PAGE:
Maybe I'm using the wrong terms, but I'll try to explain the differences between what I call a "business" visa, and a "working" visa to make my question clear.

A friend of mine is a securities (stock and bond) analyst in the U.K. He wants to come to the U.S. to research a company, call it IBM, that his U.K.-based firm is thinking of investing in. Here he'd meet with executives of IBM, visit a few plants, ask some questions, etc. After he was finished with the American "leg" of the process,he'd go back to the U.K., write up his report, and make his recommendation to his U.K. employer, who pays him there. I assume my friend would need what I call a "business" visa to come to the U.S. for this purpose.

Contrast this with a U.K. citizen who has accepted a job offer from IBM to work in the U.S., and he'll be paid here by the U.S. employer. I would imagine that he would need to go through a much more stringent process to get what I call a "work" visa, which IBM would probably help him get.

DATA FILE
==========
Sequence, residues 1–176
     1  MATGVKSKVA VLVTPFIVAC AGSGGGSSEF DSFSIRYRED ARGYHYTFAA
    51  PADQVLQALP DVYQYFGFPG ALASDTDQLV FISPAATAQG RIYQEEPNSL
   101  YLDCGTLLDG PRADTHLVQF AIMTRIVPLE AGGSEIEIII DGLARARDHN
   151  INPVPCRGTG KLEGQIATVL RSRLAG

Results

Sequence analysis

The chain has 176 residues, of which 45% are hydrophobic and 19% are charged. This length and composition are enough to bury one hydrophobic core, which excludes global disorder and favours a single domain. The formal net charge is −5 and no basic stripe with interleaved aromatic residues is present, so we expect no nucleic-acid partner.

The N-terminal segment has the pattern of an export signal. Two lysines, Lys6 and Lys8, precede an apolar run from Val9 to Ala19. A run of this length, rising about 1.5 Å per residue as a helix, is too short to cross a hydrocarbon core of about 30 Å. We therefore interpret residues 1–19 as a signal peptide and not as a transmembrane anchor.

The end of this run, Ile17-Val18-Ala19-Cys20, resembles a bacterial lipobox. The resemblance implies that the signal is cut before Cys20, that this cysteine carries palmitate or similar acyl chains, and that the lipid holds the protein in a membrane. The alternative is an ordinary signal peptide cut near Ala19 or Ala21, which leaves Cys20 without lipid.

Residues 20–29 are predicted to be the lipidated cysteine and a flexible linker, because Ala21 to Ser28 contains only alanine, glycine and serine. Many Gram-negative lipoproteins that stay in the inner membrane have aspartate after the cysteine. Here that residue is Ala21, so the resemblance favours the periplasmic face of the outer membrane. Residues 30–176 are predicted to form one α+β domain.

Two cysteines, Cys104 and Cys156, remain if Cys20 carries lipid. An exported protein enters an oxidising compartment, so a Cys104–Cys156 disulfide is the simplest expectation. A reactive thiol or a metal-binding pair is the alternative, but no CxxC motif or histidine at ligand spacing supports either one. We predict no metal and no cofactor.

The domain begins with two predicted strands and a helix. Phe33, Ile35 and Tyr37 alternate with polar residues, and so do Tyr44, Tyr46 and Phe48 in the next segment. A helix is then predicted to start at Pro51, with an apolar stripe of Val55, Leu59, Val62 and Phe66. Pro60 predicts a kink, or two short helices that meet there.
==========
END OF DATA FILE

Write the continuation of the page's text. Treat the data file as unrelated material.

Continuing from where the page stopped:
What exactly are the two different types of visa, and how do the requirements differ? Or how do I tell one from the other?

1 Answer 1


The Business visa is a B-1, and is easy to get. You can do work inside the U.S., but under the employment of a foreign country. The H-1 (probably H-1B) visa is the one required for a foreign citizen to work in the U.S. for a U.S. company. It requires some filings and paperwork by the company as well as the individual, and there are a limited number of H-1B visas available every year. You can get some information on the H-1B visa on the State Department website.

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